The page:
Missouri Democratic Senator Claire McCaskll didn’t waste any time. As soon as we learned that current Attorney General and former Trump campaign advisor, Jeff Sessions, not only met privately with the Russian ambassador at the height of the Russian hacking exercise – a little gift, our intelligence agencies tell us, from Putin to Trump – but lied about it while under oath during his confirmation hearings, she did the right thing and called for his resignation. Get this straight: she didn’t just demand that he recuse himself from investigating his White House patron, but that he resign. Nor are McCaskill’s demands part of a fatuous partisan exercise. The Russian mess is serious and the implications for the Trump administration are potentially huge.
And even if it weren’t about possible collusion with a foreign power, there’s ample precedent to call for Session’s resignation. Perjury is a big deal. Republicans justified impeachment proceedings against President Clinton based on the claim that he lied to Congress while under oath. In 2013, the House Judiciary investigated AG Eric Holder based on claims that he lied under oath and, although they could not substantiate the claim, vociferously called for his resignation. Acting AG under Richard Nixon, Richard G. Kleindienst, was not only forced to resign, but was prosecuted for lying to the Senate Judiciary Committee during his confirmation hearing.
So McCaskill’s not just whistling some partisan dixie. And, of course, she’s taking hate for standing up. Here’s what the spinning-like-a-top Missouri Republican Party has to say about the woman they hope to brand “Lyin’ Claire”:
Today Senator Claire McCaskill used her platform on Twitter in an attempt to discredit U.S. Attorney General, Jeff Sessions. The problem? Her tweet was a blatant lie that was exposed by her very own earlier tweets.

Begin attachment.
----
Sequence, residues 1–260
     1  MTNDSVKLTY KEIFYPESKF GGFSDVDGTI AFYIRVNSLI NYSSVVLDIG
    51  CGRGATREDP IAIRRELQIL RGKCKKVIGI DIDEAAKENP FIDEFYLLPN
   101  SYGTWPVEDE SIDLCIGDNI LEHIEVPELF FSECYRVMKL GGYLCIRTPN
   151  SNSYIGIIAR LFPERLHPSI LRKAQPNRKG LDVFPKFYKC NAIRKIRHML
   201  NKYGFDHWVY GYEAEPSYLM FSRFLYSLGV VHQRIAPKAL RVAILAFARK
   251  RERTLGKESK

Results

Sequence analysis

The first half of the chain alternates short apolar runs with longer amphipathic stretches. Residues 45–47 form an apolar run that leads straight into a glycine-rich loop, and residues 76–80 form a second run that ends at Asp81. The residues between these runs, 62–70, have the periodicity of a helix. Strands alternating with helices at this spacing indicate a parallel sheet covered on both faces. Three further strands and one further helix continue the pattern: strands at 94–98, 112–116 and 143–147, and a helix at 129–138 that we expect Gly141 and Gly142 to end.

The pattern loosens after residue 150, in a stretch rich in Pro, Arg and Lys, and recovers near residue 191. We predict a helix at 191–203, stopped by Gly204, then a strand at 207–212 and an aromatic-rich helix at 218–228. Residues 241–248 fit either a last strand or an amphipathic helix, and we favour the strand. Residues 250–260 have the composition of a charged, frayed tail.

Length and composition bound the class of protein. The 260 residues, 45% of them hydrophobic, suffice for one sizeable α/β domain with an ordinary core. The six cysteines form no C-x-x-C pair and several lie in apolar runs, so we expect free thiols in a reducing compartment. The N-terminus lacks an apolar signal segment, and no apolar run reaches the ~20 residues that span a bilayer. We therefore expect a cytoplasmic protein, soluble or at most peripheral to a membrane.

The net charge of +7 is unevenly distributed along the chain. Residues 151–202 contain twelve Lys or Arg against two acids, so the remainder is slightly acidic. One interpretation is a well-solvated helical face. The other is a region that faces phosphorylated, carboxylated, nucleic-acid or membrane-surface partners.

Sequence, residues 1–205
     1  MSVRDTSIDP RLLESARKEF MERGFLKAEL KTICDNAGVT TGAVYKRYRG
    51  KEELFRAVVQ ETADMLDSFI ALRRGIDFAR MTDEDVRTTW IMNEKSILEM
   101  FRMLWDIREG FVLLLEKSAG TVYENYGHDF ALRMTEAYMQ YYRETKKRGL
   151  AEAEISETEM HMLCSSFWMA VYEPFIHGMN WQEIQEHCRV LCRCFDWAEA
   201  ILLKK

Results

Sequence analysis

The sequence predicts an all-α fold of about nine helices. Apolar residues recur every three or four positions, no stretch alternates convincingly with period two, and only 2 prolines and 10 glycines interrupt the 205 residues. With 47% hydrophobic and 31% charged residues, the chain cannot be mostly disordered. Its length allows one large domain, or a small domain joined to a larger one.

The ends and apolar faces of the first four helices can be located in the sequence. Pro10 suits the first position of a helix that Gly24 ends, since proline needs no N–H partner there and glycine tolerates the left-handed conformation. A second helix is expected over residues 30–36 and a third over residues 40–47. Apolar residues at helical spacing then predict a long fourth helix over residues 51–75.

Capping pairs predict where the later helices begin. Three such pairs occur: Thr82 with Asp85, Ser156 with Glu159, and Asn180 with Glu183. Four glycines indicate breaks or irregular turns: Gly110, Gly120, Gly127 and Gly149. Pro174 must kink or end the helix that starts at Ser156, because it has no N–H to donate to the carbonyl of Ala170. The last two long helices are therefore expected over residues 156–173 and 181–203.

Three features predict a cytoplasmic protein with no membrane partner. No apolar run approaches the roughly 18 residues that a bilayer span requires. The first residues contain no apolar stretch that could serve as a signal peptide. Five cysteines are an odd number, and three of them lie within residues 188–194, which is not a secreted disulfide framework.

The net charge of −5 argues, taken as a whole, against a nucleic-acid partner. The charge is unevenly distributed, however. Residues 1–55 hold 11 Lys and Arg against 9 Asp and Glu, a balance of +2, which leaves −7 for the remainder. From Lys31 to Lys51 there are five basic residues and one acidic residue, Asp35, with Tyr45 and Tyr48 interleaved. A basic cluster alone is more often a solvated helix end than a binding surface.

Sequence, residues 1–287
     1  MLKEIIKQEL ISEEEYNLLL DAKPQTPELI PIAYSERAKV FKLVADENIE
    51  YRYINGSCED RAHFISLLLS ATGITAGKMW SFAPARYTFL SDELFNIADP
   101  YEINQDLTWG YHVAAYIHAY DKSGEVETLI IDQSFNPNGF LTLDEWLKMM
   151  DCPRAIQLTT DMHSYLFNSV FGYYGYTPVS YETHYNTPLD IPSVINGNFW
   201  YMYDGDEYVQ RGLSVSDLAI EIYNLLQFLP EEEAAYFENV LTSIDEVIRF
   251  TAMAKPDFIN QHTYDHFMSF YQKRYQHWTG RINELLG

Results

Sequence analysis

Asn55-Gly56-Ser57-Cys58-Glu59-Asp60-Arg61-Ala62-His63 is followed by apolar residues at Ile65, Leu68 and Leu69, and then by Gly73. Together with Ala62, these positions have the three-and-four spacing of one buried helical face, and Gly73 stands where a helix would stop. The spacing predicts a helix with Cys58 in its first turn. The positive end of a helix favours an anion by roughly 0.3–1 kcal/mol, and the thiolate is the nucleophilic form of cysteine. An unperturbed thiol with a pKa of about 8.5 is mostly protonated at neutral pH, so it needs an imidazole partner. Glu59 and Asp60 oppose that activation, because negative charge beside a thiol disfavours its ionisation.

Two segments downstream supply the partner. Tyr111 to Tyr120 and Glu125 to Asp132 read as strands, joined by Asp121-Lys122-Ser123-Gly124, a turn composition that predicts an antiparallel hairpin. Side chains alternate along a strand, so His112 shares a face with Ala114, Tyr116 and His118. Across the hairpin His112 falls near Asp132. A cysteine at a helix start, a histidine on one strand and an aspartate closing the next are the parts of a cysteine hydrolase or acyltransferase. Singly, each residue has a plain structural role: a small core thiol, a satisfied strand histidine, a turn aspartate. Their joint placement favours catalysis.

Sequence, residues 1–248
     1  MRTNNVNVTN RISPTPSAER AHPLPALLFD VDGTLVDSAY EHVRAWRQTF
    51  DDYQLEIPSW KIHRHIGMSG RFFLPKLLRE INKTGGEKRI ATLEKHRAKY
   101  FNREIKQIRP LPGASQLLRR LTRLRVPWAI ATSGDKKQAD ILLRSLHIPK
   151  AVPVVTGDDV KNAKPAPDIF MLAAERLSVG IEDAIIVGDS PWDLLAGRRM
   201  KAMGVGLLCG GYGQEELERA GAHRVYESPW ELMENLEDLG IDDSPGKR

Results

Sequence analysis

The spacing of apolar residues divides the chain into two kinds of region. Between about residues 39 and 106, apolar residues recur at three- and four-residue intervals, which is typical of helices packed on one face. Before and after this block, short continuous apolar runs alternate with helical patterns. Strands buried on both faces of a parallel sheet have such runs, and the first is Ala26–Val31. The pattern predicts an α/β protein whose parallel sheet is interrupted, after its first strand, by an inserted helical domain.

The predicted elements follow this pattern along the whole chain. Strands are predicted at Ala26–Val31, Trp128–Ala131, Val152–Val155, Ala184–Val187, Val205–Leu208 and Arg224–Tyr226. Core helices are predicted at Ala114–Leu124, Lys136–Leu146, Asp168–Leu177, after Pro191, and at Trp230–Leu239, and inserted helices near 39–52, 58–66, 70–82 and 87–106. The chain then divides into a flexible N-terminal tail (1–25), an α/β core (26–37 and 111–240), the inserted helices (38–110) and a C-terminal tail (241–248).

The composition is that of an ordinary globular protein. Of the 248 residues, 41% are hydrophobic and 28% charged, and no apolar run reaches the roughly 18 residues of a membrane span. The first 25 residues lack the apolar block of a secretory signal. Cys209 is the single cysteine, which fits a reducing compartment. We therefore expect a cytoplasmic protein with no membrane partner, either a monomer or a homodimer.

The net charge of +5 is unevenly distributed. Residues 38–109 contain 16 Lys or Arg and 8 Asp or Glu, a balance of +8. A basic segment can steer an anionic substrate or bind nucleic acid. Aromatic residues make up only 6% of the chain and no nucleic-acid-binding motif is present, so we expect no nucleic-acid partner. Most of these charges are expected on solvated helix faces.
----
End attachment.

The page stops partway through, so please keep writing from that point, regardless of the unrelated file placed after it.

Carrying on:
McCaskill claims she has been on the Armed Services Committee for 10 years and has never had a call or meeting with the Russian ambassador. Unfortunately, McCaskill’s earlier tweets say just the opposite: “Off to a meeting with Russian Ambassador…” and “Today calls with British, Russian, and German ambassadors re: Iran Deal.”
And indeed McCaskill did tweet that she met with the Russian Ambassador in 2013 – but not in her role on the Armed Services Committee – the rest of the tweet cited above that begins “Off to a meeting with Russian Ambassador” continues ” upset about the arbitrary/cruel decision to end all US adoptions, even those in process.” McCaskill clarified the situation via twitter later. Her spokesperson elaborated:
McCaskill spokeswoman Sarah Feldman said McCaskill’s interactions with Kislyak were materially different than Sessions’. Sessions met with Kislyak one-on-one around the same time Russian actors are believed to have been meddling in the election. McCaskill, on the other hand, met him in a group setting to discuss adoption policy and in a brief phone call about the Iran nuclear deal, Feldman said.
Hardly in the same league as Jeff Sessions. Actually, given the full context, she wasn’t lying at all – despite an absurdly literal response on the part of Politifact. A group meeting with the Russian Ambassador on business other than that of the Armed Forces Committee does not undercut her implicit assertion that members of that committee – apart from Trump campaign surrogate Jeff Sessions – had little or no reason to have contact with the Russian ambassador. In fact, The Washington Post has confirmed that no other member of the committee met with the ambassador last year. Just Jeff Sessions. Who, under oath, denied that the meetings had taken place. Wonder why?
But hey, with Trump and his Russian buddies, his financial conflicts of interest, his strategically unavailable tax returns and, most recently, his bungled Yemen raid, Republicans have got a tough road to hoe when it comes to accountability – especially if they hope to make full use their idiot bill-signing machine to realize the Republican dream of killing New Deal America.
As Michael Tomasky observed about Sessions’ appointment to the AGs office, it was “corrupt for Trump to name him in the first place. It’s becoming clearer and clearer why Trump wanted an attorney general he could trust not to investigate him.” And if they’re not careful, the Republicans springing to Trump’s defense right now are going to be tarred with the same brush – so we can’t blame them for trying to do unto others first, can we? After all, as we have learned over the past eight years, it’s the Republican way.